ONE OF THE MOST ACCLAIMED WORKS OF HISTORY IN RECENT YEARS
Winner of the Pulitzer Prize • Winner of the Francis Parkman Prize from the Society of American Historians • Shortlisted for the American Library in Paris Book Award • Longlisted for the Lionel Gelber Prize
The struggle for Vietnam occupies a central place in the history of the twentieth century. Fought over a period of three decades, the conflict drew in all the world’s powers and saw two of them—first France, then the United States—attempt to subdue the revolutionary Vietnamese forces. For France, the defeat marked the effective end of her colonial empire, while for America the war left a gaping wound in the body politic that remains open to this day.
How did it happen? Tapping into newly accessible diplomatic archives in several nations and making full use of the published literature, distinguished scholar Fredrik Logevall traces the path that led two Western nations to lose their way in Vietnam. Embers of War opens in 1919 at the Versailles Peace Conference, where a young Ho Chi Minh tries to deliver a petition for Vietnamese independence to President Woodrow Wilson. It concludes in 1959, with a Viet Cong ambush on an outpost outside Saigon and the deaths of two American officers whose names would be the first to be carved into the black granite of the Vietnam Veterans Memorial. In between come years of political, military, and diplomatic maneuvering and miscalculation, as leaders on all sides embark on a series of stumbles that makes an eminently avoidable struggle a bloody and interminable reality.
Logevall takes us inside the councils of war—and gives us a seat at the conference tables where peace talks founder. He brings to life the bloodiest battles of France’s final years in Indochina—and shows how from an early point, a succession of American leaders made disastrous policy choices that put America on its own collision course with history: Harry Truman’s fateful decision to reverse Franklin Delano Roosevelt’s policy and acknowledge France’s right to return to Indochina after World War II; Dwight Eisenhower’s strenuous efforts to keep Paris in the fight and his escalation of U.S. involvement in the aftermath of the humiliating French defeat at Dien Bien Phu; and the curious turnaround in Senator John F. Kennedy’s thinking that would lead him as president to expand that commitment, despite his publicly stated misgivings about Western intervention in Southeast Asia.
An epic story of wasted opportunities and tragic miscalculations, featuring an extraordinary cast of larger-than-life characters, Embers of War delves deep into the historical record to provide hard answers to the unanswered questions surrounding the demise of one Western power in Vietnam and the arrival of another. This book will become the definitive chronicle of the struggle’s origins for years to come.
NAMED ONE OF THE BEST BOOKS OF THE YEAR BY THE WASHINGTON POST AND THE CHRISTIAN SCIENCE MONITOR • A GLOBE AND MAIL “BEST READS” SELECTION
“This extraordinary work of modern history combines powerful narrative thrust, deep scholarly authority, and quiet interpretive confidence.”—Francis Parkman Prize citation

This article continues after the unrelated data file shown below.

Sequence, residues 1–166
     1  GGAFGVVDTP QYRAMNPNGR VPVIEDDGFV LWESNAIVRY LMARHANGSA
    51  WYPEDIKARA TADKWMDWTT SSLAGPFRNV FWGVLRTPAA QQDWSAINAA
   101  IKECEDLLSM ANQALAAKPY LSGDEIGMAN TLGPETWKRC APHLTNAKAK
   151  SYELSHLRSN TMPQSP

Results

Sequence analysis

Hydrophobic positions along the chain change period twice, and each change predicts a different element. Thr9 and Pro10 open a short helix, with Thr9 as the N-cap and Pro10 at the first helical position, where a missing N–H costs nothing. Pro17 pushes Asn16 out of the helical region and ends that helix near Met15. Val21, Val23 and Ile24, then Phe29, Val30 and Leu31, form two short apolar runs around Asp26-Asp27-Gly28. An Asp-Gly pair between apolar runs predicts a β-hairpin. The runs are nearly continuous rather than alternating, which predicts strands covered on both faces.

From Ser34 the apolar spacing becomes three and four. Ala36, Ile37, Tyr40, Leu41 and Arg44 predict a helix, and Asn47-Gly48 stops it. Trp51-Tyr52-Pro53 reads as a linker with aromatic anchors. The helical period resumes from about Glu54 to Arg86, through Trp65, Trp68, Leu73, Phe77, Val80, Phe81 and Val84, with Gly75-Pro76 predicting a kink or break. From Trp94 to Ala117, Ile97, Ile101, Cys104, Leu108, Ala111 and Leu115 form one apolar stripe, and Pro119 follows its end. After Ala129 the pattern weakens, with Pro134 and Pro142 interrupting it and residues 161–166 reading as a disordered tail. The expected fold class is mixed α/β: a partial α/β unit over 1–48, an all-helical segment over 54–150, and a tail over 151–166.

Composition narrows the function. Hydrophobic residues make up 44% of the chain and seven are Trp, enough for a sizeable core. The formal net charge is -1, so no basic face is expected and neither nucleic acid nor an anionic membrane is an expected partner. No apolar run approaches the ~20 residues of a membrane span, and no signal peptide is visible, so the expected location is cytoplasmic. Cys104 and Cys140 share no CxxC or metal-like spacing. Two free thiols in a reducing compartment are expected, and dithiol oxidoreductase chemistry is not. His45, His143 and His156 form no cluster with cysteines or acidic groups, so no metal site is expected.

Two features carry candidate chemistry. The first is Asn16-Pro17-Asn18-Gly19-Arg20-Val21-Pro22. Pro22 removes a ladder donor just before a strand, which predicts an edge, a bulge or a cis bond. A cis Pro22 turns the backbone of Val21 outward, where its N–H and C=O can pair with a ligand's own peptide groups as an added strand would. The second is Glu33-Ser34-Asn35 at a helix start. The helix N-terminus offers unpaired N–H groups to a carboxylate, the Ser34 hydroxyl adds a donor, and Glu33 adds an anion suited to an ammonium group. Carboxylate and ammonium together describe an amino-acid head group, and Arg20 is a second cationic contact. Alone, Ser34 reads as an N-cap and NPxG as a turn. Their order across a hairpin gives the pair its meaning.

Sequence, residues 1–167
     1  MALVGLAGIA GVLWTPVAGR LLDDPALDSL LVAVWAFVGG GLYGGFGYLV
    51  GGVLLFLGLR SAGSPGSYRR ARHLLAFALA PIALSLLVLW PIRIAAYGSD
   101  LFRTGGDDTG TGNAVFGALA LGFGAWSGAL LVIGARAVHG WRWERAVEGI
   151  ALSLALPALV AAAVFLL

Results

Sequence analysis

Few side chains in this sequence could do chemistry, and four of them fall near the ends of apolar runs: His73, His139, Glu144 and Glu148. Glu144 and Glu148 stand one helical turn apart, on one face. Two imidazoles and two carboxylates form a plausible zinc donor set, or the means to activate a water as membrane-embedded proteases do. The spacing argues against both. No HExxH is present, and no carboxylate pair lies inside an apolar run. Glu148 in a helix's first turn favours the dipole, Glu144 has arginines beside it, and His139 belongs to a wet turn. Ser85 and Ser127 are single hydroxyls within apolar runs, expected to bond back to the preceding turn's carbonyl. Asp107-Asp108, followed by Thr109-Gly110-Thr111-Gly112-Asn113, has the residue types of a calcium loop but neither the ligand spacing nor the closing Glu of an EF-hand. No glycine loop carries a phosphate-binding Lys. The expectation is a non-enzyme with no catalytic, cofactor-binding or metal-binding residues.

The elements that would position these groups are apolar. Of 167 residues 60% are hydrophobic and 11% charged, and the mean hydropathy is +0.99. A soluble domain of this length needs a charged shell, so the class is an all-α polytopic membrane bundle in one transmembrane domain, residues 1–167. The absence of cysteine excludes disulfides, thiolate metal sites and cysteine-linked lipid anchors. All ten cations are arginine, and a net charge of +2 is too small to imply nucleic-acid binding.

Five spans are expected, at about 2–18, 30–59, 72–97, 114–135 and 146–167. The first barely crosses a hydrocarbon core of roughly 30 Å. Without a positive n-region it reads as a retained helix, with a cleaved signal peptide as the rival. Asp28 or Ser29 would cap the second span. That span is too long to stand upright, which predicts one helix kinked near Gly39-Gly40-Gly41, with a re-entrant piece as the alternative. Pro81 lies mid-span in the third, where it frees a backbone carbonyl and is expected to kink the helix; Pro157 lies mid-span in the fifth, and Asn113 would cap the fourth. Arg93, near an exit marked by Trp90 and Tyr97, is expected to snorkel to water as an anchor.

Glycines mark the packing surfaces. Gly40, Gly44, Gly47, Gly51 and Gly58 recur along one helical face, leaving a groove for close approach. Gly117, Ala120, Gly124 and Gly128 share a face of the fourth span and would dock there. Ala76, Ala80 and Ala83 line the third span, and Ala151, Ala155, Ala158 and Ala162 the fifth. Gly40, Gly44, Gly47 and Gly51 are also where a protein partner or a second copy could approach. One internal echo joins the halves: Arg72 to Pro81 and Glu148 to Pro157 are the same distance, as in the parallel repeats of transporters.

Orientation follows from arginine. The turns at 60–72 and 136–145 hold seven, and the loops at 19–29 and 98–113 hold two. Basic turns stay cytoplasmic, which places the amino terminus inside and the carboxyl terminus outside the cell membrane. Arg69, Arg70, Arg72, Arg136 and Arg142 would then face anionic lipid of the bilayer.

“A balanced, deeply researched history of how, as French colonial rule faltered, a succession of American leaders moved step by step down a road toward full-blown war.”—Pulitzer Prize citation
“A monumental history . . . a widely researched and eloquently written account of how the U.S. came to be involved in Vietnam . . . certainly the most comprehensive review of this period to date.”—The Wall Street Journal
From the Hardcover edition.
Cornell University's Logevall specializes in the Vietnam War's international aspects. His latest work masterfully pre-sents the war's roots in the U.S. reaction to the French colonial experience. And that experience was inextricably linked to the global changes wrought by WWII, the beginning of the cold war, and America's new role as the pre-eminent power in Asian and world affairs. Without neglecting the military aspects of the Franco-Indochina War and its aftermath, Logevall concentrates on political and diplomatic aspects. He presents "a contingent [story], full of alternative political choices." Initially, the odds were against the Viet Minh-but France could never decide to seek a compromise. With Vietnam's division after the Franco-Indochina War's end in 1954, Ngo Dinh Diem dominated South Vietnam's politics. But his limited concept of leadership and facile resort to repression alienated anticommunist nationalists. That was America's problem as well. Logevall makes a detailed case that America's Vietnam involvement replicated the French experience: the U.S. was fighting against an anticolonialist revolution and giving the Democratic Republic of Vietnam legitimacy that would be neither discredited nor defeated in 10 more years of war. 43 photos, 13 maps. Agent: John Dawkins & Associates. (Aug.) (c) Copyright PWxyz, LLC. All rights reserved.
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August 20, 2012
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